Sengled Light Strip UNLIT Extension

New to HE, but being an undergrad EE, love it so far. One question I've stumbled into has to do with light strips, particularly Sengled's Light Strip. They're sold in a 2M base package and 1M plugin extension, but my question to the community is whether there is any UNLIT extension sold anywhere, i.e. a strip of hopefully variable length that can connect the 2M base package with another series of plugin extension(s) some X number of feet away.

The situation I'm facing is not particularly unique. Kitchen sinks typically have higher cabinets above them with typical kitchens having full height cabinets on either or both sides. What I want to do is the following:

2M Base Pkg + UNLIT ext. + 1M Extension + UNLIT ext. + 1M Extension(s)

The purpose of the UNLIT extension is simple: save LED's for where you want light and use an extension to travel between those end points. Each end is a straightforward male/female 5-pin connector, but not knowing light strips in general, it seemed a good question for the community on whether that's a standard connector available on-line or a 'proprietary' one. Better yet, has anyone come across an extension kit for cases like this?

I can solder but would prefer something that takes advantage of the plugin connector approach (easier for installation).

To pay it forward so-to-speak, the Sengled Light Strip works perfectly with HE. I find a slightly better range on the 1-100% dimming level than Sengled's bulbs, and the strip is very hard to turn left or right to tackle corners with (no clue if that's typical of light strips). I do somewhat question its color/temperature range, but I also admit that this is strictly a kitchen cabinet installation where (warm) white is about all we need. For the price and the option of nice colors, I'd say it's a pretty good deal. Also, came with pre-applied double-sided tape that is impressively strong, at least out of the box. We use it either via voice command through an Echo or via the toggle/button controller it comes with.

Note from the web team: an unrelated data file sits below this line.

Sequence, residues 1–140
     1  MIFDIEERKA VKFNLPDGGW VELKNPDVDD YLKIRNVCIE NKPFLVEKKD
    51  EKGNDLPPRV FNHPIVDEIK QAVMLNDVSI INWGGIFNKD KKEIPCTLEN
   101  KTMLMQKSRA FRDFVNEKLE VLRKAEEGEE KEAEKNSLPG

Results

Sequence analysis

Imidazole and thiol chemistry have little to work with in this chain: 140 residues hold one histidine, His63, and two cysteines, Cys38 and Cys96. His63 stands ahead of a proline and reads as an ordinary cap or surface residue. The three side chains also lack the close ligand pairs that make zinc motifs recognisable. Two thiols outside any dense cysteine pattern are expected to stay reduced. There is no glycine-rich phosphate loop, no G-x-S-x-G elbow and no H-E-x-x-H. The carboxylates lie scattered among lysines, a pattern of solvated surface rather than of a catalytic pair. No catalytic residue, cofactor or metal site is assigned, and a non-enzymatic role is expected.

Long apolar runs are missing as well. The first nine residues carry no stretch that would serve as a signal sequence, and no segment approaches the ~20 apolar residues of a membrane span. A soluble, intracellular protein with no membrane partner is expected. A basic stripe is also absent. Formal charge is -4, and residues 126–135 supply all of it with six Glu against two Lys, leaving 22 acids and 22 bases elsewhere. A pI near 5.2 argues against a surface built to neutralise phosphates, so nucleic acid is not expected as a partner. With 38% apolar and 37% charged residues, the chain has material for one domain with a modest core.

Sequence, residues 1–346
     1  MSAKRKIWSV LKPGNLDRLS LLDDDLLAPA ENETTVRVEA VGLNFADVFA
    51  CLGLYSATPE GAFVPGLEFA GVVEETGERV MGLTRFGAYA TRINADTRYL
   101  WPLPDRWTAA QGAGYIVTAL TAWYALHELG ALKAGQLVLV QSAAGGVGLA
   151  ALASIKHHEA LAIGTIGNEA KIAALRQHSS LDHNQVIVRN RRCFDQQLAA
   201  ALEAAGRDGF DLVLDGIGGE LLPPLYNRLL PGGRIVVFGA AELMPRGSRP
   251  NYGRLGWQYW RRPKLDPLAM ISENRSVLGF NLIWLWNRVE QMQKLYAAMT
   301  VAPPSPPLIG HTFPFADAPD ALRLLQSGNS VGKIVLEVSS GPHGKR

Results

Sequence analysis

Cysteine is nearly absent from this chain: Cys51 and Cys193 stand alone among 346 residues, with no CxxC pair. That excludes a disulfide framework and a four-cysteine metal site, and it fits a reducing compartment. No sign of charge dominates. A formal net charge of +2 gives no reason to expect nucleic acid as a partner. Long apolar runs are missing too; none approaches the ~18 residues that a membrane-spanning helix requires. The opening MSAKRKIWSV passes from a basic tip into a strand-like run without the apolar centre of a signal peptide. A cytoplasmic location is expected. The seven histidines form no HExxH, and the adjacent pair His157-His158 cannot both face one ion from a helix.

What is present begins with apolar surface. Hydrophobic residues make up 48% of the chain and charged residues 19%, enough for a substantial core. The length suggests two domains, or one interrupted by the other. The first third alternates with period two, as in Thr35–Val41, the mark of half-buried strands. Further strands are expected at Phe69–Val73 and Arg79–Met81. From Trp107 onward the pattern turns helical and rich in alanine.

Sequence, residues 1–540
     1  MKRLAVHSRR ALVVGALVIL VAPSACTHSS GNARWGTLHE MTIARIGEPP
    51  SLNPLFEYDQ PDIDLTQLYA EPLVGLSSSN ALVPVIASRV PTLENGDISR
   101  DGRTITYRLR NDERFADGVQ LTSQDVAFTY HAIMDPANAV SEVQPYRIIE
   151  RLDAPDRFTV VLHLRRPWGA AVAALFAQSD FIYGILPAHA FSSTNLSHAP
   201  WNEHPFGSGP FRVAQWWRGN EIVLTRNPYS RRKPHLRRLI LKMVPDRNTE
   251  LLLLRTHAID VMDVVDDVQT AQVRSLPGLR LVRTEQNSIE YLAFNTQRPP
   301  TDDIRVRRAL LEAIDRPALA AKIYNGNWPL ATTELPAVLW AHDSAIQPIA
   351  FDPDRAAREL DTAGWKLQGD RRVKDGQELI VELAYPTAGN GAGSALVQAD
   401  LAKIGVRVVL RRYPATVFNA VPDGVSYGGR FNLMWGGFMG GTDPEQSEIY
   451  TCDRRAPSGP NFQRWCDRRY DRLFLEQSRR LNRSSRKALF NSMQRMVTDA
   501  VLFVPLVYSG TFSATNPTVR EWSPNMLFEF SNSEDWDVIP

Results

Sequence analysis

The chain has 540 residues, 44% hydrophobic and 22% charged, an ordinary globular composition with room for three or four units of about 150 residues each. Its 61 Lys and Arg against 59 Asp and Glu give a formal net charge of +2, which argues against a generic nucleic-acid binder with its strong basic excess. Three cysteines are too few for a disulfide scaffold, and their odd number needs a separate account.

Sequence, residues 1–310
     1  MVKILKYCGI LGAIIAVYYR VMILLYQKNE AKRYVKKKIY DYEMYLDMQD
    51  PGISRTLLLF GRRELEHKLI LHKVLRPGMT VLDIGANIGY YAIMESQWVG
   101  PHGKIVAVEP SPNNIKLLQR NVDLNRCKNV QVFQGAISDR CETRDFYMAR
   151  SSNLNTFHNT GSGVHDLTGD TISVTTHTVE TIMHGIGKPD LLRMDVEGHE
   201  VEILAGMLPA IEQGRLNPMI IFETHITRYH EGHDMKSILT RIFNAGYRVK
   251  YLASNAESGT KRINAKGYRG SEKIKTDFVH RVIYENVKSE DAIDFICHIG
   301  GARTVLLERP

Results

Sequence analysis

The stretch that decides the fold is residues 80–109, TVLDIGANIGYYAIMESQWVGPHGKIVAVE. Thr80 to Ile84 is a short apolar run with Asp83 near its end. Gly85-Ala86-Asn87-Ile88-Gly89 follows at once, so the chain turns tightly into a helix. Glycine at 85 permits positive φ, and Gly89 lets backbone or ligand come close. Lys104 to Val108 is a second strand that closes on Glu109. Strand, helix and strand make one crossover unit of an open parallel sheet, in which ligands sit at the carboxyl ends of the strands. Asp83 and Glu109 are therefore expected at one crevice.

Greatly appreciate any help/advice.

Hello! And welcome to Hubitat. Sengled doesn't sell one specifically but the strips use a standard 5 pin connector on the end of them. So, you should be able to use a standard extension cable, like this one:

I know @ogiewon has these strips. Maybe he would be so good as to confirm if he things these would fix the Sengled header pins.

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I have not used any extender cables with these strips. Wish I could add something to the conversation...

What are the size of the header pins on the end of the strip? Are they standard size, separation? Do they look like they would fit with the cable I linked to?

Thank you for both your input and advice. I'm not exactly sure on the dimensions as the 2M strip is already installed under one half of our cabinets and hard to measure precisely. I have e-mailed Sengled to see if they will share any details/spec. In the meantime, I will again try to pay it forward for the benefit of other (potential) Sengled owners -- The 2M base light strip is spec'ed at 18W, and the output on the base controller is 24V, 900mA, 21.6W (Max).

@Ryan780, I note the 12V spec on the cable you suggested verses the 24V spec on the light strip controller. Still trying to learn all this LED lighting stuff, and as an undergraduate EE, get V=IR. You obviously don't want to overload an underdesigned cord and effectively turn it into a resistor, but we're dealing with such low amps it's not immediately clear the difference it makes?? Any quick feedback? Seems safe to pick a 24V-rated extension cable, but again, is that really necessary -- We're talking about a LED light strip, not a toaster oven.

If I get anything useful back from Sengled, I'll certainly post.

I don't see that in the listing. But a cable is a cable. 24v would not require any larger a cable for that short a distance than 12v would. But it's up to you. Best of luck.

I just measured the connector. The five pins are evenly spaced across a total of 1 centimeter. So that would mean 2.5mm spacing.

@ogiewon, thank you for the measurements. I'll try measuring mine already under the cabinet, and it will be nice to have a reference.

Mostly to @Ryan780, still trying to think this through, but when does a wire become something else? A voltage rating for a wire is the max that should be applied (distinction between steady state and surge or max load). Paradoxically, though, my concern on thinking wire thickness increases with applied voltage is not always true; in fact, "a 24V system can move the same amount of current through a wire one half the size required for a 12V system." It's coming back to me a bit, but I think this has to do with how much the voltage 'pushes' so-to-speak. So, my concern may not actually be a 12V wire might be too thin as it may just not been designed overall (insulation, wire separation, and whatnot) to handle a 24V potential due to inherent design/safety factors in the wire's design and manufacture. I'm still not seeing much distinction at 1A levels for things like a LED light strip, but it would be interesting to hear your further thoughts or the thoughts of any (other) electrician that might be here.

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